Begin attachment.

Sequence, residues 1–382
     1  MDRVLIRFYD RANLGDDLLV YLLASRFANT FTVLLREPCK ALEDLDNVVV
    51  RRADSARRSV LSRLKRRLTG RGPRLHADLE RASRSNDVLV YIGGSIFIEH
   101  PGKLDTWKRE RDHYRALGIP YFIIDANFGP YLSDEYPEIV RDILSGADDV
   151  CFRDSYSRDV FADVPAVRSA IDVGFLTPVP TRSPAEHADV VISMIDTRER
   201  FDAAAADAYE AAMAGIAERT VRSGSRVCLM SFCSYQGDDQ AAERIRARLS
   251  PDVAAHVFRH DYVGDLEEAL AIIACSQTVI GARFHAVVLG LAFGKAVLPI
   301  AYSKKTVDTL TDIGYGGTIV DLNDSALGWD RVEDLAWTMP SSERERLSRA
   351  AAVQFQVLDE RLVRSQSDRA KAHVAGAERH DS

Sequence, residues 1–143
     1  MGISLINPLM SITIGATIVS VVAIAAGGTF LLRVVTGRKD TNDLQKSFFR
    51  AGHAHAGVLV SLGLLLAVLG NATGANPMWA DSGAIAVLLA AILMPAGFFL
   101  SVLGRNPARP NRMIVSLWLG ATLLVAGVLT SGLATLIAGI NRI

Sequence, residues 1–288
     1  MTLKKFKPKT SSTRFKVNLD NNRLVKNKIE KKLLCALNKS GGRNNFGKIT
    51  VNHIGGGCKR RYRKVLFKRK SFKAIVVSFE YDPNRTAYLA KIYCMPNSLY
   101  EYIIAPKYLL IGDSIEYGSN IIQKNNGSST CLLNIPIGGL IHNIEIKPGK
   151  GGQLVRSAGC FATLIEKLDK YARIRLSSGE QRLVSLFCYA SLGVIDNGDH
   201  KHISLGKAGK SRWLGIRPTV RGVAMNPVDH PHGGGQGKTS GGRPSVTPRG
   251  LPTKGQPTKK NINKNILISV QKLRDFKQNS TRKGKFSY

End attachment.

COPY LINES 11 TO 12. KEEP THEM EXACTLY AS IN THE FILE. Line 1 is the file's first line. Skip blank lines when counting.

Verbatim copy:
     1  MGISLINPLM SITIGATIVS VVAIAAGGTF LLRVVTGRKD TNDLQKSFFR
    51  AGHAHAGVLV SLGLLLAVLG NATGANPMWA DSGAIAVLLA AILMPAGFFL